Two big, bad botnets gone, but replacements step up, says researcher
Srizbi, Storm dead, but Donbot and Xarvester add to spam resurgence
Computerworld - Although the shutdown of a California Web hosting company eradicated several prominent botnets last year, others have stepped up to fill the gaps, a security researcher said today.
Gone from the landscape are "Srizbi" and "Storm," said Joe Stewart, director of research at Atlanta-based SecureWorks Inc. He ranked the botnets as No. 1 and No. 5, respectively, in an April 2008 botnet census.
Srizbi and, to a lesser degree, "Rustock" were crippled two months ago when McColo Corp., a company that has long been hosting botnet command-and-control servers, was cut off from the Internet by its upstream providers after researchers accused it of harboring cybercrime activity. Stewart was one of the researchers who had beaten the McColo drum.
When McColo's connection to the Internet was severed, spam volumes immediately plunged as spammers were unable to use Srizbi or Rustock bots to send their junk mail.
But the relief was short-lived. "There was a time when the bot numbers were diminishing, and we made up some ground," acknowledged Stewart. Now, however, other botnets have come into prominence. Some of them were well-known before the McColo take-down, but had been relatively small, while others have come out of obscurity.
The result? "Spam isn't quite up to the pre-McColo level, but it's easily within the 80%-to-90% range," said Stewart, citing numbers consistent with other estimates. For example, Symantec Corp. estimated this month's spam level at 80% of that before the McColo shutdown.
Botnets have rebounded for several reasons, most notably because they're profitable, said Stewart, who recently repeated his census of April to come up with a new ranking of botnets.
"Cutwail," the biggest beneficiary of the demise of Srizbi, took the top spot in Stewart's revised chart. It boasts an estimated 175,000 compromised PCs, up from 125,000 in April. "Cutwail's spam output actually increased shortly after [McColo], so it probably picked up some customers from other botnets," said Stewart.
As he did last year, Stewart estimated the botnet sizes by first "fingerprinting" each botnet with their implementations of SMTP (Simple Mail Transfer Protocol). Then he took a one-day spam traffic sample from each bot to extrapolate a total number of infected PCs in each botnet.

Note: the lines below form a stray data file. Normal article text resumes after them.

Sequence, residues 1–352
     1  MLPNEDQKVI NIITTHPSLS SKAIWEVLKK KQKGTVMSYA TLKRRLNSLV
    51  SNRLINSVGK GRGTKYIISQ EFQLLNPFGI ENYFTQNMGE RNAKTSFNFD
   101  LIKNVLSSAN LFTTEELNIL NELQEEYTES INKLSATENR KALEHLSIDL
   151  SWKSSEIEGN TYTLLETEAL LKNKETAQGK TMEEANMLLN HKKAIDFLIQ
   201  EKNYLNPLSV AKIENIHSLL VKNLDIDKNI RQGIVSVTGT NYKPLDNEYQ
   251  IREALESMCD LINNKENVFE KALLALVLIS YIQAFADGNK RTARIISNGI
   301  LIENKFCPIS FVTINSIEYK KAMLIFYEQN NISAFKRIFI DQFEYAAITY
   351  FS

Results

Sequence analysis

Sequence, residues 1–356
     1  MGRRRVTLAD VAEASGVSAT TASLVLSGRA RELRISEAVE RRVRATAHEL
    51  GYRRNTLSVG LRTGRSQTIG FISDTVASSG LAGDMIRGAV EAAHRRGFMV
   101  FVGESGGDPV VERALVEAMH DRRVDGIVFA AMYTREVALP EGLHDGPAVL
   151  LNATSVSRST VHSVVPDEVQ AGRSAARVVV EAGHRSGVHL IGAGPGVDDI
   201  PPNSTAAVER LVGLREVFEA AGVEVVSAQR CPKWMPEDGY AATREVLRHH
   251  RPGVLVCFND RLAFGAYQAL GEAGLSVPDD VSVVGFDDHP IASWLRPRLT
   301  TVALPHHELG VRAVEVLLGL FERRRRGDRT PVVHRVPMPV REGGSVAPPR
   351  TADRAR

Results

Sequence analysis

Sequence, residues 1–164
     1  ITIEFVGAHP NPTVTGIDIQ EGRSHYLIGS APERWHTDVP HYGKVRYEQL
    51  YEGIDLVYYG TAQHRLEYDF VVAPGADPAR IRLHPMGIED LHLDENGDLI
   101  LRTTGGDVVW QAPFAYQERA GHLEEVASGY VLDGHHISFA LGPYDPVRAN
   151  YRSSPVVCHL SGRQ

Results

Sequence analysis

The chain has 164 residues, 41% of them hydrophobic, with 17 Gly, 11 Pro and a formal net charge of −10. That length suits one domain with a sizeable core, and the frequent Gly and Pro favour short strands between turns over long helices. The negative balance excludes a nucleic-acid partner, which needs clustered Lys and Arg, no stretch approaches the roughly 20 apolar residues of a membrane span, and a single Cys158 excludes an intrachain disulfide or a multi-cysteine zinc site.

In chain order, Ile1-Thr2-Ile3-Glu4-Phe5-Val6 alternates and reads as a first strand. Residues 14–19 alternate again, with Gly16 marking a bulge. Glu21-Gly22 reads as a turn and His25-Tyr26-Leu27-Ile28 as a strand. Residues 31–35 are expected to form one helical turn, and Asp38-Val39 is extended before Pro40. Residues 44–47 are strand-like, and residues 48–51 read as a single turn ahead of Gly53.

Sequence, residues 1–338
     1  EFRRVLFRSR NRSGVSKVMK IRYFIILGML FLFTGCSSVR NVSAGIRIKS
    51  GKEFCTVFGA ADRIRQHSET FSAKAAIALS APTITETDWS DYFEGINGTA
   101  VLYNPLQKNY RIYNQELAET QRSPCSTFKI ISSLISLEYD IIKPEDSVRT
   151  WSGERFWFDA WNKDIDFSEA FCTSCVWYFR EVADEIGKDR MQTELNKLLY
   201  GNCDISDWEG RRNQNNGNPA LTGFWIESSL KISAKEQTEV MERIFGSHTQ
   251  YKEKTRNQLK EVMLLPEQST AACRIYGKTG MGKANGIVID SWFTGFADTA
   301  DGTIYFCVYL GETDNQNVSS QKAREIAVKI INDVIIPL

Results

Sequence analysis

Although Rustock was also hit by the McColo shutdown, it was able to recover when Srizbi could not. Currently in the No. 2 spot, Rustock controls approximately 130,000 computers, down from the 150,000 it "owned" last April.
Joining Cutwail and Rustock are a pair of new additions to Stewart's list. Until recently, both "Donbot" and "Xarvester" had been minor players in the spam-sending ecosystem. "We have noticed that some botnets picked up traffic significantly," said Stewart, who called out the two as botnets to monitor during 2009.
- Top 10 Reasons to Strengthen Information Security with Desktop Virtualization Regain control and reduce risk without sacrificing business productivity and growth
- Preventing Sophisticated Attacks: Anti-Evasion & Advanced Evasion Techniques McAfee Next Generation Firewall applies sophisticated analysis techniques specifically to detect advanced evasion techniques (AET).
- The Security Industry's Dirty Little Secret The debate over advanced evasion techniques (AETs) This report summarizes the findings of a McAfee commissioned research group to determine the level of understanding IT security professionals have about AETs...
- Demand More, Get the Most from the Move to a Next-Generation Firewall Beyond the basics in a next generation firewall, to protect your investment you should demand other valuable features: intrusion prevention, contextual rules, advanced...
- What should I look for in a Next Generation Firewall? SANS Provides Guidance With so many vendors claiming to have a Next Generation Firewall (NGFW), it can be difficult to tell what makes each one different....
- Responding to New SSL Cybersecurity Threat The featured Gartner research examines current strategies to address new SSL cybersecurity threats and vulnerabilities. All Security White Papers | Webcasts
Our new bimonthly Internet of Things newsletter helps you keep pace with the rapidly evolving technologies, trends and developments related to the IoT. Subscribe now and stay up to date!